Know your water: Fall fishing on Montana's Clark Fork River

Fishbrain’s content specialist Cavan Williams floats a secret section of Montana's Clark Fork River, with a local guide, targeting brown trout on the fly before the fall snows fell.

Know your water: Fall fishing on Montana's Clark Fork River

The sun just started rising over the mountains and illuminated the sagebrush field below. The boat takeout was nothing more than an opening in some willows that were turning yellow for fall. Montana’s Clark Fork River was low, even for this time of year, but still high enough to float with a raft. A quick look at the weather forecast suggested this could be the last float of the year and the last chance for a dry hopper addict’s chance to fool a rising brown trout.

 Snow was on the horizon.

Keith McGlothlin met me wearing dark sunglasses, and his trademark goatee and smile combo. I met him with a bear hug, careful not to spill his coffee. Keith is an independent fishing guide, often running trips for Great Divide Outfitters and other guide services in the area. We met almost ten years ago working at the ski and snowboard school at a local resort. We guided whitewater trips several years after that and have remained close friends since. Life took its turns, as it does with everyone though, and I saw less and less of my good friend as careers and relationships took us in different directions like braids in a river.  

His bucket list goal is to float the entirety of every major river in Montana and he gets closer every year. Today will be a familiar stretch, however, even if it is a bit of a secret. 

It's early October and Keith assures me there are plenty of brown trout in this stretch and we will be catching them.

The Clark Fork

The Clark Fork is Montana’s largest river and runs for over 300 miles through Montana and Idaho before emptying into Lake Pend Oreille in Idaho. The river traverses a landscape as diverse as the West itself as it meanders through sage flats, timbered mountains and deep gorges.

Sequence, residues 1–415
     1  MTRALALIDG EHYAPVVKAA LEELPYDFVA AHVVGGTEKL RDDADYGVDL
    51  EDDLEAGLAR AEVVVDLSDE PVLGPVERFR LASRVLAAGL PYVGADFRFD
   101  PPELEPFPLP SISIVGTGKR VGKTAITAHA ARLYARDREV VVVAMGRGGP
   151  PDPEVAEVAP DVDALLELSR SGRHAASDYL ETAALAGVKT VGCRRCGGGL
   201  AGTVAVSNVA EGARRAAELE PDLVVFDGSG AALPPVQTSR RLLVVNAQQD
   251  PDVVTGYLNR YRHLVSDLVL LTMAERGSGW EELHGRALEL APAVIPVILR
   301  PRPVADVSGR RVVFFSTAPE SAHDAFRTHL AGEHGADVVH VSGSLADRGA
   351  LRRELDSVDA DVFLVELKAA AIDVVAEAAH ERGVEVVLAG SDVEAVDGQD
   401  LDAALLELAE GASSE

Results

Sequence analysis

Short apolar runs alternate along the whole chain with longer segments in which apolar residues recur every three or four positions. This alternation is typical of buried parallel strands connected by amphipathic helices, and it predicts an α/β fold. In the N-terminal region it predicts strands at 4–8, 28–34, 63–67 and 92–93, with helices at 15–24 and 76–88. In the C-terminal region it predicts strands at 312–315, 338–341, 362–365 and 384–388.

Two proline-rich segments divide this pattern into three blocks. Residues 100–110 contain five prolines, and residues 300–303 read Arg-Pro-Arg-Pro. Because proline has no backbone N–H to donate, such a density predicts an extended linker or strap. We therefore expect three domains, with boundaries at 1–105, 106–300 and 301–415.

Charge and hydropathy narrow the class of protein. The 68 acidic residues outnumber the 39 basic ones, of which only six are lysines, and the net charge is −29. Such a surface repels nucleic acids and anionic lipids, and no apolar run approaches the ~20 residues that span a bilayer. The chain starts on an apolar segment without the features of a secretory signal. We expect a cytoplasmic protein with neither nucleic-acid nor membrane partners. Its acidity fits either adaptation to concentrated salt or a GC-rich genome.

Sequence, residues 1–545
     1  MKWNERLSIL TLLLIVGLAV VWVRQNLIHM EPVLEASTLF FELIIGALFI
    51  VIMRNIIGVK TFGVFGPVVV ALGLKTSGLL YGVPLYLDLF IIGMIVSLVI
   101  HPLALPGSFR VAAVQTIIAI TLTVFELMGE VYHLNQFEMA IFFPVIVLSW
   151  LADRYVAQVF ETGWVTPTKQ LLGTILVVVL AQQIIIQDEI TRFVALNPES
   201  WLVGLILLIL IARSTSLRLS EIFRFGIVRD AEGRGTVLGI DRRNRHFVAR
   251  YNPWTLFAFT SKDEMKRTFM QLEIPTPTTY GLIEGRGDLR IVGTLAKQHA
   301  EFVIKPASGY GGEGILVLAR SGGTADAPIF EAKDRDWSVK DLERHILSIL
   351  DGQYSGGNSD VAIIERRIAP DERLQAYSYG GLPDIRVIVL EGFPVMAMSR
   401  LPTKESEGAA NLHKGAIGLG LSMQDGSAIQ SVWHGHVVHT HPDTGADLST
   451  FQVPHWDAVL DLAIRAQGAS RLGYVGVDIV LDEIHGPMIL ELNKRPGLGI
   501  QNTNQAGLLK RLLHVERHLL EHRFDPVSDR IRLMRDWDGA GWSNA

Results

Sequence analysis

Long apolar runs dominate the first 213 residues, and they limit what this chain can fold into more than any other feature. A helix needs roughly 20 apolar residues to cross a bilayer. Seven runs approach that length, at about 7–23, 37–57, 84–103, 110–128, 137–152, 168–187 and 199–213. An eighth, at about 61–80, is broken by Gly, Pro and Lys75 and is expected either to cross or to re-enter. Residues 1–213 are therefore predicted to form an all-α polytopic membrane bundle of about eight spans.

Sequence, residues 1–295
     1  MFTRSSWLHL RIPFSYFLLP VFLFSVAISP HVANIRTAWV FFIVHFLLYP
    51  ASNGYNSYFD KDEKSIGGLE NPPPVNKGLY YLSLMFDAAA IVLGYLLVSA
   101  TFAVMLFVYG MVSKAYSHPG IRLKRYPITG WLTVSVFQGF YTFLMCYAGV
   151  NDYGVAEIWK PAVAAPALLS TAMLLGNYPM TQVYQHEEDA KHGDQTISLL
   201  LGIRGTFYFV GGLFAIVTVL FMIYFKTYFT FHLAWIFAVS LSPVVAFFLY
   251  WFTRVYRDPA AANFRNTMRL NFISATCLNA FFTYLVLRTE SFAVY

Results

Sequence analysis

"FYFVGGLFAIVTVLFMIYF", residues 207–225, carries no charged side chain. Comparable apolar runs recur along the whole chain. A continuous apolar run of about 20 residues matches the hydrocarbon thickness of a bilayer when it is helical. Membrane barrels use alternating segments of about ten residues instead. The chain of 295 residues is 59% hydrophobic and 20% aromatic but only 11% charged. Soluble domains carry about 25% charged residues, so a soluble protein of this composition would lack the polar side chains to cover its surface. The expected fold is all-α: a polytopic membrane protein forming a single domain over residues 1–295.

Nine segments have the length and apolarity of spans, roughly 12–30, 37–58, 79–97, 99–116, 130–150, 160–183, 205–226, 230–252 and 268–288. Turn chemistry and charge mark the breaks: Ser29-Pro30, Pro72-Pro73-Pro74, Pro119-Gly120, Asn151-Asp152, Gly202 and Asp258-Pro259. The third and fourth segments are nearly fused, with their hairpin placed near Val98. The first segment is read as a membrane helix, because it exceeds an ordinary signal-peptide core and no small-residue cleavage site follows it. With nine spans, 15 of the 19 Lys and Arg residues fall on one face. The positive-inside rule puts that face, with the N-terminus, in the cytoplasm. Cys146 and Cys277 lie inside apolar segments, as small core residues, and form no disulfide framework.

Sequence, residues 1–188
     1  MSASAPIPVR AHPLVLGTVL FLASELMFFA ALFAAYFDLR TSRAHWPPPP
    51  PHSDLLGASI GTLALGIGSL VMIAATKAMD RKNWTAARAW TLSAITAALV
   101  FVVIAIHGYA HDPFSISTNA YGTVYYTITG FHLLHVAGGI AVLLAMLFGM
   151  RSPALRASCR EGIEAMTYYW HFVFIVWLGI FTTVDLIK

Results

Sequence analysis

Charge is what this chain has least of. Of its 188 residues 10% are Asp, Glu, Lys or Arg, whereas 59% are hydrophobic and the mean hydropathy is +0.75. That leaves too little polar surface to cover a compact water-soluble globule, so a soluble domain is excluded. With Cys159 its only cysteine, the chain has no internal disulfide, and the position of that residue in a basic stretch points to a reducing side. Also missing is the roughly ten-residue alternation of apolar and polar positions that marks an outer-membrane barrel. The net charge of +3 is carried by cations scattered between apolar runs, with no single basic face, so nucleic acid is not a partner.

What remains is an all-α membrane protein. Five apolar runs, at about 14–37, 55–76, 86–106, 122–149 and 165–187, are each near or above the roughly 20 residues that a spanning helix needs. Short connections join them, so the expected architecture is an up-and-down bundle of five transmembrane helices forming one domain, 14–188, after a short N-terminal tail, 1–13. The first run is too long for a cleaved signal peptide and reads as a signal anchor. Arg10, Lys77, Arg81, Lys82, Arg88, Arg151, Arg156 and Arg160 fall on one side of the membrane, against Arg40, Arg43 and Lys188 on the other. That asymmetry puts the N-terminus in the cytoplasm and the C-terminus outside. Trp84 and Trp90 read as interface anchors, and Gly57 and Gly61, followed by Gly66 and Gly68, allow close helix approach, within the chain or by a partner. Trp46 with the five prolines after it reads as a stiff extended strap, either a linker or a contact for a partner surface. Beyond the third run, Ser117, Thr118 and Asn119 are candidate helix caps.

The river itself changes along with it’s scenery as it goes from slow moving horseshoe bends only a few steps wide, to class four whitewater down a gorge and then into the deepest lake in the country.

Cutthroat trout are the native species here, but rainbows and browns were introduced and now are just as plentiful. Northern pike and smallmouth bass are other transplants that can also be readily caught closer to the Idaho border. 

The river is named for William Clark, part of the Lewis and Clark exploration that mapped the river. Before Lewis and Clark came through, however, multiple native tribes like the Salish, Blackfeet and Flathead tribes utilized the bountiful river.

The river, like most of Montana, is a fly angler’s paradise. 

The Put In

The boat launch was a little more developed than the take out. The ramp was empty, which was good as Keith informed me this section was so narrow, it almost makes it a one boat river. 

His raft was already on the water and his wife Kelsey was already making casts from it. Their dog, Hoko, rode on the bow. 

Kelsey rowed over to us as I pulled on my waders. She had already caught one brown while waiting for us, but it wasn't anywhere near the 20 inch monsters that lurk in some of the big bends. We debated which flies to tie on. Keith went for a hopper with a nymph dropper in hopes to get just one more coveted hopper take before the season was over. I opted for a crawfish pattern streamer that worked great for smallmouth a few months earlier.